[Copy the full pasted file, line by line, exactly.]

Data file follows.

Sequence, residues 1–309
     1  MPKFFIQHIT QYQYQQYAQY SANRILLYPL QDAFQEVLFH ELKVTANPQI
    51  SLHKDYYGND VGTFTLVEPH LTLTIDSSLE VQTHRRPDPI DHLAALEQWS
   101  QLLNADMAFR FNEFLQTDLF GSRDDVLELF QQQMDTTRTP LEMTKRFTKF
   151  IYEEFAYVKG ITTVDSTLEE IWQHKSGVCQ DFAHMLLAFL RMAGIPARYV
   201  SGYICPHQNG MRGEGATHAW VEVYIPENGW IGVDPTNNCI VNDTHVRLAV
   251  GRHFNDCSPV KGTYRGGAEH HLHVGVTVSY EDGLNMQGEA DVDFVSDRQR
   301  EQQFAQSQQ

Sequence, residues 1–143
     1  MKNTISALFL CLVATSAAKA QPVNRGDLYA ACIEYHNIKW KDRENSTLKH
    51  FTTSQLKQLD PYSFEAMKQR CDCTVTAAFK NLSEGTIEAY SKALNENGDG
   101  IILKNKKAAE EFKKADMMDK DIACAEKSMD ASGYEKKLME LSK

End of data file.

Sequence, residues 1–309
     1  MPKFFIQHIT QYQYQQYAQY SANRILLYPL QDAFQEVLFH ELKVTANPQI
    51  SLHKDYYGND VGTFTLVEPH LTLTIDSSLE VQTHRRPDPI DHLAALEQWS
   101  QLLNADMAFR FNEFLQTDLF GSRDDVLELF QQQMDTTRTP LEMTKRFTKF
   151  IYEEFAYVKG ITTVDSTLEE IWQHKSGVCQ DFAHMLLAFL RMAGIPARYV
   201  SGYICPHQNG MRGEGATHAW VEVYIPENGW IGVDPTNNCI VNDTHVRLAV
   251  GRHFNDCSPV KGTYRGGAEH HLHVGVTVSY EDGLNMQGEA DVDFVSDRQR
   301  EQQFAQSQQ

Sequence, residues 1–143
     1  MKNTISALFL CLVATSAAKA QPVNRGDLYA ACIEYHNIKW KDRENSTLKH
    51  FTTSQLKQLD PYSFEAMKQR CDCTVTAAFK NLSEGTIEAY SKALNENGDG
   101  IILKNKKAAE EFKKADMMDK DIACAEKSMD ASGYEKKLME LSK